Signing off for now.


We're getting rain, glorious rain!

Tuesday, May 08, 2007

And all manner of things

OK, I don't want my fellow bloggers especially those two whose names start with "M," to get all cranky with me. No, not MadPriest this time. Mimi and Mickey, my confreres in saint-listing.

It's Dame Julian's feast day, you know, and you know she's my fav, right up there with Mary Magdalene. I feel her spirit poking around in my psyche, sometimes, trying to find something saintly. Trying to pull Christian love out of the mishmash that passes for my mind.

Sometimes she succeeds, with teachings such as:

"This blessed friend is Jesus; it is his will and plan that we hang on to him, and hold tight always, in whatever circumstances; for whether we are filthy or clean is all the same to his love."

"Glad and merry and sweet is the blessed and lovely demeanour of our Lord towards our souls, for he saw us always living in love-longing, and he wants our souls to be gladly disposed toward him . . . by his grace he lifts up and will draw our outer disposition to our inward, and will make us all at unity with him, and each of us with others in the true, lasting joy which is Jesus."

When things get tough, as they are wont to do, I quote Julian under my breath: "All shall be well, and all shall be well, and all manner of thing shall be well." I say it like a breath prayer, over and over, and it's incredibly comforting.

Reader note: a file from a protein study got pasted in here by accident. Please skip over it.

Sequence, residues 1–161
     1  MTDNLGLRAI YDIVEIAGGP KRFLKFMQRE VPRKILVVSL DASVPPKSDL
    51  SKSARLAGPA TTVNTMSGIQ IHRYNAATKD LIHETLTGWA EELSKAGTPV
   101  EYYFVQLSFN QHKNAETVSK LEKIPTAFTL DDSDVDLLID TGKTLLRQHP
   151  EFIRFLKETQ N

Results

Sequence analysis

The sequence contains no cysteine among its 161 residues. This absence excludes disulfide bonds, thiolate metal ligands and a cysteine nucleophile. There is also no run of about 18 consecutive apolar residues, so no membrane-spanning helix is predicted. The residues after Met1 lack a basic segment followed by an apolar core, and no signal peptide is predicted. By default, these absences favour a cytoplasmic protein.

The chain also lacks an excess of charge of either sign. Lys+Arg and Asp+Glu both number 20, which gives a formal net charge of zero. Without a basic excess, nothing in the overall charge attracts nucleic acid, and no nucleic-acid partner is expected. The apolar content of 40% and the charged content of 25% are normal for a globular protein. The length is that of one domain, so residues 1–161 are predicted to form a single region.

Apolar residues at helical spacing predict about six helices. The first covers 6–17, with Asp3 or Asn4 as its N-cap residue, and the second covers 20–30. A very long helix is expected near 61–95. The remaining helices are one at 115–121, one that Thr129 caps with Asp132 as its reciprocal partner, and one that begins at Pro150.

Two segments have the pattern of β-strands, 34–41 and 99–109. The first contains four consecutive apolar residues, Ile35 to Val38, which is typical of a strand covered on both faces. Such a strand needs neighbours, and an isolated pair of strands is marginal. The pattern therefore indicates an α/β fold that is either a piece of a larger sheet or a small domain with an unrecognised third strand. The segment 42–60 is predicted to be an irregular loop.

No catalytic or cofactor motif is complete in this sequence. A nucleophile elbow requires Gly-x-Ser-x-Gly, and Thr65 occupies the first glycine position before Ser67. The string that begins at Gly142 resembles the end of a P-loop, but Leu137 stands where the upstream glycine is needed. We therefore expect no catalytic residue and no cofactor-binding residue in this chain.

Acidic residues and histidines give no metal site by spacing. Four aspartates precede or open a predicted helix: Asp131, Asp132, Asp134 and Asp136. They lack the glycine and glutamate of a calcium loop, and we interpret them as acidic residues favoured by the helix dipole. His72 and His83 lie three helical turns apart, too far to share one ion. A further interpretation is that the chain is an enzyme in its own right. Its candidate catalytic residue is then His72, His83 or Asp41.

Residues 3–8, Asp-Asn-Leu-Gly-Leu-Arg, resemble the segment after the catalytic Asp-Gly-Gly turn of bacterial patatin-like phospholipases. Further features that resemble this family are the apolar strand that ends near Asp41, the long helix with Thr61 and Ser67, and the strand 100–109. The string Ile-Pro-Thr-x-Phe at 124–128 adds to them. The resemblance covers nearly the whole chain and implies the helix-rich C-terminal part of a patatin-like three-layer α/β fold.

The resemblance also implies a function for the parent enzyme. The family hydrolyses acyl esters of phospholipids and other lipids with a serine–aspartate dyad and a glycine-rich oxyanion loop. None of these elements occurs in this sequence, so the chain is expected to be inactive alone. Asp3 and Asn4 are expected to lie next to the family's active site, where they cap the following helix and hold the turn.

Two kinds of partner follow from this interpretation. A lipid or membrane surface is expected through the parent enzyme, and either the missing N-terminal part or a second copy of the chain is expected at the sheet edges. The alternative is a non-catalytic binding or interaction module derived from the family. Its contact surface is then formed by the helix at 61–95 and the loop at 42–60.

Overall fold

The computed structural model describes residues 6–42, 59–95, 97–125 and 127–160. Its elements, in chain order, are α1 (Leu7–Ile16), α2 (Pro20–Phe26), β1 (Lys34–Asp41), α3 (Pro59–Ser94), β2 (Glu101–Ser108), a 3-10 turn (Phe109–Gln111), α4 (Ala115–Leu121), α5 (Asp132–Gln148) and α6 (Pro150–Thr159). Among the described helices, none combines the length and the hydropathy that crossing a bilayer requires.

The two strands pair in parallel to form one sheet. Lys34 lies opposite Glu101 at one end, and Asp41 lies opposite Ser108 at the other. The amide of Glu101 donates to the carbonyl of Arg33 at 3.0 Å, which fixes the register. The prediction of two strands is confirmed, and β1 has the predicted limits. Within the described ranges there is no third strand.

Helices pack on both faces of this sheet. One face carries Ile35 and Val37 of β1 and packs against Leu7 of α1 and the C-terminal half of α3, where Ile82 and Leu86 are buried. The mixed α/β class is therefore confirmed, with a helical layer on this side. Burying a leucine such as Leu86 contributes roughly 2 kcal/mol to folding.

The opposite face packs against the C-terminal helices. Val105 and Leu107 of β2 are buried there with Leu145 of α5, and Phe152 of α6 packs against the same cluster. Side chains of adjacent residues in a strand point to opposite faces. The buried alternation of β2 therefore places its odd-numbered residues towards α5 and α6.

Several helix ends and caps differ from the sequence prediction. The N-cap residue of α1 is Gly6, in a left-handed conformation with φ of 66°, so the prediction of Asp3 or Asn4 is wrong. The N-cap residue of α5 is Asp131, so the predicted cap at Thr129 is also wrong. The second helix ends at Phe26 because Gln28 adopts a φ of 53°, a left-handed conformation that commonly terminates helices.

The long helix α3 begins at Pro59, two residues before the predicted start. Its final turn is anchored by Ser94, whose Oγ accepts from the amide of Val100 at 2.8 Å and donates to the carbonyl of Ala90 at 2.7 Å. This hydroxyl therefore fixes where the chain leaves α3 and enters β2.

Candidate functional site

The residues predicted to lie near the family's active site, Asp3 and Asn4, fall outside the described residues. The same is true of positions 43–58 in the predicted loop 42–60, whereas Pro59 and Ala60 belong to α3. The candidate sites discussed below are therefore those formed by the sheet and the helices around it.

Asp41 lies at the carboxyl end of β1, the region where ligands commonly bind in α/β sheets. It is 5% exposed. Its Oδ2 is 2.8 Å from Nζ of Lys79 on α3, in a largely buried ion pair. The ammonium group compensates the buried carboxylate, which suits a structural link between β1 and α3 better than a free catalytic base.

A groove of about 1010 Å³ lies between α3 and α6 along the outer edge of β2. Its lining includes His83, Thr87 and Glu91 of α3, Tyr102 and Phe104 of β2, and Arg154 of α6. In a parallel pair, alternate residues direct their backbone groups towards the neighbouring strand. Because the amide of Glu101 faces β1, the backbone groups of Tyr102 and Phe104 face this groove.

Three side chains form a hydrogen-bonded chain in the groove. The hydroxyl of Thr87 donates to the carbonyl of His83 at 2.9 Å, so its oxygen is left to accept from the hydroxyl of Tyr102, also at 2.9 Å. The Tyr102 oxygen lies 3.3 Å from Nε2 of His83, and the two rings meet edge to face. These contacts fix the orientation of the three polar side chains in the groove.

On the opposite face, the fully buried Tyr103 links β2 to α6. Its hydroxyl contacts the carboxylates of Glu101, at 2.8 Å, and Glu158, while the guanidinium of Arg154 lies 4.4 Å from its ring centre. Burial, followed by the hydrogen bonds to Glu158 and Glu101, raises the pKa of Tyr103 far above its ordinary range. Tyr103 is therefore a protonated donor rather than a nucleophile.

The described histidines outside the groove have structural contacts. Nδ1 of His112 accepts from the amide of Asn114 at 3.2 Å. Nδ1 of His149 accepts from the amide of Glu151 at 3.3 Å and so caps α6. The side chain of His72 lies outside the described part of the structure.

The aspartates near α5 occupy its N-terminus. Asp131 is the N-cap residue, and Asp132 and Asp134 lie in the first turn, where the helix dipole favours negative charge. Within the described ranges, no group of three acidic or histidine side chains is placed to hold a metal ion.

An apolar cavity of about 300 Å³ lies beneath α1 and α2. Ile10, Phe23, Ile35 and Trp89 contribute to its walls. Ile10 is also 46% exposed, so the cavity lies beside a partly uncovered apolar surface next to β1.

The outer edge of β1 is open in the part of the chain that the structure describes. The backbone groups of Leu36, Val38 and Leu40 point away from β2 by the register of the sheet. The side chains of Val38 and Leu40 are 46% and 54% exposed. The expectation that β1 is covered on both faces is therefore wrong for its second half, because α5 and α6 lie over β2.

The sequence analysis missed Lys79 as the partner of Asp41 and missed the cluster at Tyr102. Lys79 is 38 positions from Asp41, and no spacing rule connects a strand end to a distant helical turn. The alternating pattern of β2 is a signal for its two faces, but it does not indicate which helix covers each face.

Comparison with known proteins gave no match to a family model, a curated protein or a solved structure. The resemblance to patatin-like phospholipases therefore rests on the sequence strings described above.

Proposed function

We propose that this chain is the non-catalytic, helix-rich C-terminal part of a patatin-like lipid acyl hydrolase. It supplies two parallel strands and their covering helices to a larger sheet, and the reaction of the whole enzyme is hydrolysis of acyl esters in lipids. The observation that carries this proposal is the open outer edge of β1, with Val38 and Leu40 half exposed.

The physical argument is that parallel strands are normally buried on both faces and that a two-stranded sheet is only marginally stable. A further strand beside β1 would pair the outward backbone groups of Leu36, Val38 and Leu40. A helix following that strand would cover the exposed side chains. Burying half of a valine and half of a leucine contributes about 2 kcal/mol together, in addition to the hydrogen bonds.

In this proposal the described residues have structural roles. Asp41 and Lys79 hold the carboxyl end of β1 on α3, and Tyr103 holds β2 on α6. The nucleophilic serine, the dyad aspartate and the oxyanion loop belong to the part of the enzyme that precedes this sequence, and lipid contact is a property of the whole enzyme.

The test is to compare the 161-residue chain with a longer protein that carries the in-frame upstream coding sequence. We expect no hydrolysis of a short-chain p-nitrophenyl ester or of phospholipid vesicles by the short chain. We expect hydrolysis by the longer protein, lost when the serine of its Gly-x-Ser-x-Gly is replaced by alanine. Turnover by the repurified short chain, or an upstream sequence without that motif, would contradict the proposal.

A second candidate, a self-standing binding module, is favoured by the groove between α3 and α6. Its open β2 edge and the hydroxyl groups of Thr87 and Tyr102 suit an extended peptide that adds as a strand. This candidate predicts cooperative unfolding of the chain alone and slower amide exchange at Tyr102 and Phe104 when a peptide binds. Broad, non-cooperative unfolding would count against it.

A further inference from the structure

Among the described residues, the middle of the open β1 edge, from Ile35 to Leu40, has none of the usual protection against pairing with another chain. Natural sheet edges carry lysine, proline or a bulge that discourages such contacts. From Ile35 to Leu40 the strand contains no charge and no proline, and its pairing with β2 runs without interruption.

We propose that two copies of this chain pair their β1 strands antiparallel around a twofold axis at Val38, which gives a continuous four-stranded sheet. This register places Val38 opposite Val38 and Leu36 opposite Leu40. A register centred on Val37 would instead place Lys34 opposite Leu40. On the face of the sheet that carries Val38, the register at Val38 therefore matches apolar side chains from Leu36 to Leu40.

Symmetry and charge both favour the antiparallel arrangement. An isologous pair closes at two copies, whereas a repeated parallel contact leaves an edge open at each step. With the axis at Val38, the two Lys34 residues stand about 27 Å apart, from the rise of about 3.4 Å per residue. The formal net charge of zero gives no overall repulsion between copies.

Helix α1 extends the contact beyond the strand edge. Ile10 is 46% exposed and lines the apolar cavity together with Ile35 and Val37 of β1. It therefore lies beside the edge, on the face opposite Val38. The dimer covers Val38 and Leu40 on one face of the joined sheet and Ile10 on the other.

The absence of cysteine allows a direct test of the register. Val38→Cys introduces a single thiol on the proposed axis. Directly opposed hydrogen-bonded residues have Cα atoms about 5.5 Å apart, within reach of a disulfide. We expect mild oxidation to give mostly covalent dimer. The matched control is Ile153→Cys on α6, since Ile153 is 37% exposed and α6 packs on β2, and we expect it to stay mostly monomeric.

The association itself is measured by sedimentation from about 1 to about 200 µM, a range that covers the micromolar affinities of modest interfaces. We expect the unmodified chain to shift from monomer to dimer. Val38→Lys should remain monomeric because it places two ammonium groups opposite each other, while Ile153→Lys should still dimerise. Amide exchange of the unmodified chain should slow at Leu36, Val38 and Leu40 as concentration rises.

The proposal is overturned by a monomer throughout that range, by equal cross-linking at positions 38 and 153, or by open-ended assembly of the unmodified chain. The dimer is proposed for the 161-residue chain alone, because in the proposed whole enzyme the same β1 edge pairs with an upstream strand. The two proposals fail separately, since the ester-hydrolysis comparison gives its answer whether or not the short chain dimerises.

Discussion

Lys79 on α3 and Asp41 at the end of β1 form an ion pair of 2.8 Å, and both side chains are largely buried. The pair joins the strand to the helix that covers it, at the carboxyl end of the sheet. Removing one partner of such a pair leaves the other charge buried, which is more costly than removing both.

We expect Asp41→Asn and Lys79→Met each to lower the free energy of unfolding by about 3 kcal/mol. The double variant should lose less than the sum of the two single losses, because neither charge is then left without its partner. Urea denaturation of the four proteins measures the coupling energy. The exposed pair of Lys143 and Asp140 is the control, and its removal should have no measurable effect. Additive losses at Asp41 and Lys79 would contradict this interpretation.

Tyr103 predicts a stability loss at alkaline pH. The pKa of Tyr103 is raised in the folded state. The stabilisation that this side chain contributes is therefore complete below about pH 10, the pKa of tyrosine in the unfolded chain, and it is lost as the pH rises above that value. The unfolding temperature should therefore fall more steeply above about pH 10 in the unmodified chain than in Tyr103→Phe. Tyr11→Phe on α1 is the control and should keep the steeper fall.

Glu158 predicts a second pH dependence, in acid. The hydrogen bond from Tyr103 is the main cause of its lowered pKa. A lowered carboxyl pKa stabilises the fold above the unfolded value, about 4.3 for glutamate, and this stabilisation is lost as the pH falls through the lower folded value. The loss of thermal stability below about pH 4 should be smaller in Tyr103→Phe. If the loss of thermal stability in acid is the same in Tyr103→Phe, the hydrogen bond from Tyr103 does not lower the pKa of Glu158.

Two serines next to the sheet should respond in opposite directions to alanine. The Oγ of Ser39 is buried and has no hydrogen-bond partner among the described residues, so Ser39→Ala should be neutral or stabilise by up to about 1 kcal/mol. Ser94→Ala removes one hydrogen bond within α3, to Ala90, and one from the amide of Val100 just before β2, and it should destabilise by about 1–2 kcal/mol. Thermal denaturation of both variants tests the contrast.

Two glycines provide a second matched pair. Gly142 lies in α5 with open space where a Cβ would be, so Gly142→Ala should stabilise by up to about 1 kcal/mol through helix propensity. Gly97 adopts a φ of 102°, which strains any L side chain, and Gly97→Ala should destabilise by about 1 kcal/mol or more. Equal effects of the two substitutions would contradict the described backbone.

On days when it all just seems too hard, Julian reminds me about God's will, not mine, and that I'm supposed to hang on tight to him, "in whatever circumstances."

One of Julian's writings I first read was her vision of God holding the Earth in his (or her) hand, and it was something as small as a hazelnut ("a small, brown nut") held in his mighty palm. Yet he would never, ever lose it, but would treat it tenderly.

It takes my breath away how well this mystic of the Middle Ages understood the fragility of our island home, this fragile Earth.

Thank you, Mother Julian. I love you.

Julian is probably the best-loved of all the English mystics. She was born around 1342, and her feast day is observed May 8. She's believed to have died on that date around 1417.

Presiding Bishop Katharine was called a heretic after her election at GC 2006 for quoting a Julian passage referring to "Mother" God. Apparently, the accusing bishops aren't up on their saints of the church.

For James Kiefer's bio and more samples of Julian's writings, go here.

Thursday, May 03, 2007

A glimpse through a glass, darkly

When I looked ahead in the liturgical calendar and found Monnica's feast day coming up, I also read the Bible passages for her feast day, May 4.

One of them game me goosebumps and a little chill up my spine. It was from the Gospel of John. It was one of those "aha" moments, when a passage just clicks, and I have a new understanding or perception. This one gave me a vision of the aching and yearning of a torn creation seeking its Creator, but the promise of something to come from that pain. This is what I wrote about it for the newspaper column, but you know the rest of the story: